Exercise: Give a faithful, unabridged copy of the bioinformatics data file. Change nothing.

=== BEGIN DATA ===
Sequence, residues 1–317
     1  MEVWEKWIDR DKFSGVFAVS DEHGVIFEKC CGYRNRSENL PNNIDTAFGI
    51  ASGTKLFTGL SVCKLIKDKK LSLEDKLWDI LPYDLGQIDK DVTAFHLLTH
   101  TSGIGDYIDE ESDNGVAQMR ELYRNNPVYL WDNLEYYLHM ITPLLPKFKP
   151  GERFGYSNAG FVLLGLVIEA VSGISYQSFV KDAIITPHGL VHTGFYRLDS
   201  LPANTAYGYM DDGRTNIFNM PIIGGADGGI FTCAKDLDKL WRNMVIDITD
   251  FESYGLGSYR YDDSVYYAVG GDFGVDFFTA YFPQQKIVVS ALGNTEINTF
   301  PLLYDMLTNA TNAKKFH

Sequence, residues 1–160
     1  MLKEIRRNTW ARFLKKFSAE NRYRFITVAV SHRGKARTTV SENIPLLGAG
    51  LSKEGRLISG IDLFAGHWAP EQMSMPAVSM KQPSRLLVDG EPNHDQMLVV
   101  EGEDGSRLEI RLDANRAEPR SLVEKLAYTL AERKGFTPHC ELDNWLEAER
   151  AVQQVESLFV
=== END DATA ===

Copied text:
Sequence, residues 1–317
     1  MEVWEKWIDR DKFSGVFAVS DEHGVIFEKC CGYRNRSENL PNNIDTAFGI
    51  ASGTKLFTGL SVCKLIKDKK LSLEDKLWDI LPYDLGQIDK DVTAFHLLTH
   101  TSGIGDYIDE ESDNGVAQMR ELYRNNPVYL WDNLEYYLHM ITPLLPKFKP
   151  GERFGYSNAG FVLLGLVIEA VSGISYQSFV KDAIITPHGL VHTGFYRLDS
   201  LPANTAYGYM DDGRTNIFNM PIIGGADGGI FTCAKDLDKL WRNMVIDITD
   251  FESYGLGSYR YDDSVYYAVG GDFGVDFFTA YFPQQKIVVS ALGNTEINTF
   301  PLLYDMLTNA TNAKKFH

Sequence, residues 1–160
     1  MLKEIRRNTW ARFLKKFSAE NRYRFITVAV SHRGKARTTV SENIPLLGAG
    51  LSKEGRLISG IDLFAGHWAP EQMSMPAVSM KQPSRLLVDG EPNHDQMLVV
   101  EGEDGSRLEI RLDANRAEPR SLVEKLAYTL AERKGFTPHC ELDNWLEAER
   151  AVQQVESLFV